If you are thinking of branching out on your own but not sure where to start...
This type of business has legally no separate existence from its owner. The person is therefore fully liable for the debts of the business. Sole traders will usually transact business in their own name.
Although we do not offer this as a service in itself there are a number of ways we can help.
A sole trader is the simplest, non-regulated form of trading where an individual acts solely on his own account; he or she makes all the decisions on business matter and takes all the risks. The main advantage is that the sole trader takes all the profit generated by the business but the disadvantage is that they are also personally liable for all the debts of the business. Apart from registering as self employed with HM Revenue and Customs there is little or no paperwork involved to start trading.
To register, you need to fill out and complete Form CWF1 from the HMRC site.
A limited company is considered to be a separate legal entity from its shareholders. The Companies Act provides the legal framework under which companies are incorporated and the regulations under which companies must operate. Companies are subject to statutory regulations which include the filing and reporting of information to Companies House, and, in this respect, are more onerous to administer than sole traders or partnerships. However, the benefits of forming a limited company greatly outweigh the disadvantages in that the shareholders have limited liability because they are not personally responsible for the debts of the company, only for the full amount payable for their shares and the name of the company is protected because it is considered to be an asset of the company property after incorporation at Companies House.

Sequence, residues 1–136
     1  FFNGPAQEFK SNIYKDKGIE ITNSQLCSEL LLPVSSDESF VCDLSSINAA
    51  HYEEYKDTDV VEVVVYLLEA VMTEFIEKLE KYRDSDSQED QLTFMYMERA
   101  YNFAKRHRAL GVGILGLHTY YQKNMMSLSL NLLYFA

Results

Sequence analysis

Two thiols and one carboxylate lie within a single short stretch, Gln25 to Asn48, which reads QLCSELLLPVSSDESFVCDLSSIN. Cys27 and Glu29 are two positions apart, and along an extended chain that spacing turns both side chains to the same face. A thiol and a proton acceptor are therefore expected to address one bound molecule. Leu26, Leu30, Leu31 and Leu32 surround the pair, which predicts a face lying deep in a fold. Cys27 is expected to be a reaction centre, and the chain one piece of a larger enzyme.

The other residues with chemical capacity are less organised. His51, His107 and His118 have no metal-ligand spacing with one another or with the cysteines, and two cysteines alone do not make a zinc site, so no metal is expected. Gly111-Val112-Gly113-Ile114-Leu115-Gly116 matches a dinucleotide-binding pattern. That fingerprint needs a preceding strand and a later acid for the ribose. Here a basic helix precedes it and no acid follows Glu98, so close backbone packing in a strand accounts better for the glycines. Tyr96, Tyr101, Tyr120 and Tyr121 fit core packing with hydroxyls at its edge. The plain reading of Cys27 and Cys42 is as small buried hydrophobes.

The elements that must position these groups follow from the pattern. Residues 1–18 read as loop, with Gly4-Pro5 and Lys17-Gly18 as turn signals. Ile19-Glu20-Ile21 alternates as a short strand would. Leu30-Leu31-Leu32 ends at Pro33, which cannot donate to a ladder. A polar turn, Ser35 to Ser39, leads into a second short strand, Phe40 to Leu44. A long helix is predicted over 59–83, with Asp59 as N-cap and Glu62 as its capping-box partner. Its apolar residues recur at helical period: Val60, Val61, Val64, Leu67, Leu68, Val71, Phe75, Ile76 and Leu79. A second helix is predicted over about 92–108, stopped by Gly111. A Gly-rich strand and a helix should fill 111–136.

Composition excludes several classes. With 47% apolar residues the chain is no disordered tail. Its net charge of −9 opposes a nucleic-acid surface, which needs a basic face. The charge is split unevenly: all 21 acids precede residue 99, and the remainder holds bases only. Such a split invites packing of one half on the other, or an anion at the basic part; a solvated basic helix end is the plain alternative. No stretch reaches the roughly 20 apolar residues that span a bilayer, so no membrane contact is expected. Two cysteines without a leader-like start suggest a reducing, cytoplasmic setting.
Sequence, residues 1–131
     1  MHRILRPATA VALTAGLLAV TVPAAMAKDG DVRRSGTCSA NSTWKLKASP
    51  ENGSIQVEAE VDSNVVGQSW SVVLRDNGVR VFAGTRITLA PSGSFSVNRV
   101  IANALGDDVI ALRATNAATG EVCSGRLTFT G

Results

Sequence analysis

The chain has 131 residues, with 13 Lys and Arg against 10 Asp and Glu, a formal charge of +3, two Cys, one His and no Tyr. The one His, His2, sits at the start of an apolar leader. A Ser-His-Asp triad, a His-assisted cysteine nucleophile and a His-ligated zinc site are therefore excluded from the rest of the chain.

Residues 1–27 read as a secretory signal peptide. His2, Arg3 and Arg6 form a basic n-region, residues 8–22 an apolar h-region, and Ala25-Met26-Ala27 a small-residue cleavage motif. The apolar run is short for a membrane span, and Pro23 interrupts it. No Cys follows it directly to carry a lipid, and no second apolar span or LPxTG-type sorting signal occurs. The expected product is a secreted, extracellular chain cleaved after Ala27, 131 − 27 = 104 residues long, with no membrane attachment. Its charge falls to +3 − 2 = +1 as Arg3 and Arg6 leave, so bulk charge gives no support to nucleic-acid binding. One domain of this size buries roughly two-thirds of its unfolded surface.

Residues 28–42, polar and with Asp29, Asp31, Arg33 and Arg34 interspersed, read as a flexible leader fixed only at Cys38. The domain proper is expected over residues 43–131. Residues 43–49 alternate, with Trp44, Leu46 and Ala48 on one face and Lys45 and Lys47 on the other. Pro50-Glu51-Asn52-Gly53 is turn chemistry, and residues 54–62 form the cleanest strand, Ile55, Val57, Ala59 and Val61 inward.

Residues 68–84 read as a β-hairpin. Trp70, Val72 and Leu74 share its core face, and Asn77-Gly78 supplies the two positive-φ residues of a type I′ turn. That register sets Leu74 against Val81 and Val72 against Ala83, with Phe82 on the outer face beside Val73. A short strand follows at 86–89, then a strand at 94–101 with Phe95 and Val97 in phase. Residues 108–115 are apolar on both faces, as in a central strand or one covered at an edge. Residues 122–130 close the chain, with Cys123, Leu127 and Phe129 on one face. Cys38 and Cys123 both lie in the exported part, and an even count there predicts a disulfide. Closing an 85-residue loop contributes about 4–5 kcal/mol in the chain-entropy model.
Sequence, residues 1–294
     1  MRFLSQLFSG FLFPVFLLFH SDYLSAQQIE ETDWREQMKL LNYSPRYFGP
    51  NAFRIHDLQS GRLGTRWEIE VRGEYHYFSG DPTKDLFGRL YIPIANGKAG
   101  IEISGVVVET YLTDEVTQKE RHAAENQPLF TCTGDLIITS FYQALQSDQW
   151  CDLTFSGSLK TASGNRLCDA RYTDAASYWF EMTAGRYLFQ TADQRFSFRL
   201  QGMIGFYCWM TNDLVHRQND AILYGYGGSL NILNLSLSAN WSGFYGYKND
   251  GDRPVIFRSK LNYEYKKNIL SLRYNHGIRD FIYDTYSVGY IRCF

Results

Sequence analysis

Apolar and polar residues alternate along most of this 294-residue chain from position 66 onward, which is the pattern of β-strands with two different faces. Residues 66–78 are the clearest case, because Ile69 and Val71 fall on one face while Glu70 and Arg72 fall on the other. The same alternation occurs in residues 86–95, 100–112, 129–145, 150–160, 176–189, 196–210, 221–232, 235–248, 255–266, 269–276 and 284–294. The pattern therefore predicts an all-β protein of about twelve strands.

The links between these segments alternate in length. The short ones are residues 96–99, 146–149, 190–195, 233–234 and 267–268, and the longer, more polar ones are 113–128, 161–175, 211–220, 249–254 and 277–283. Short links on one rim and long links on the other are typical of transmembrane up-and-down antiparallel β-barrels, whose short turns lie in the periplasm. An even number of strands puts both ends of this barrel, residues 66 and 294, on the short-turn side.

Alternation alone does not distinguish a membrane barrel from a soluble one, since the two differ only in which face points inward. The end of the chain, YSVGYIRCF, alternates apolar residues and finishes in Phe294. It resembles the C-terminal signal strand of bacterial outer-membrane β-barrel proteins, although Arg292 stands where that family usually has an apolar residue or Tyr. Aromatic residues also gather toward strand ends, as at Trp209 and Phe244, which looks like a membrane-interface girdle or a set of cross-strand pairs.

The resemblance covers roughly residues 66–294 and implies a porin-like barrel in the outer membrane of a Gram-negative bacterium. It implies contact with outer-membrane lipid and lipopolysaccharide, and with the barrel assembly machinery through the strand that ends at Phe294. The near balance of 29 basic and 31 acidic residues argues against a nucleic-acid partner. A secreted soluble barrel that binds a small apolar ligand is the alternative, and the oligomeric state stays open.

Individuals who are prepared to accept all the risks and rewards of the business . It is particularly suitable for those who have low financial risks in their business, for example very little likelihood of being sued for the product or service provided. i.e. Music teacher.
As a sole trader you will need to submit an annual self assessment form to the Inland Revenue and keep accurate and up-to-date records of all business transactions and accounts. You will also pay income tax and national insurance contributions on any profits. Losses can be offset against tax on other income.
The Inland Revenue will send you a Self Assessment tax and NI form to fill in.
Though you will have registered as 'self employed', you won’t automatically be VAT registered.
Once you reach a certain annual turnover (£61,000 at the time of writing) you will need to register for VAT which we can help you with - please see VAT Registration.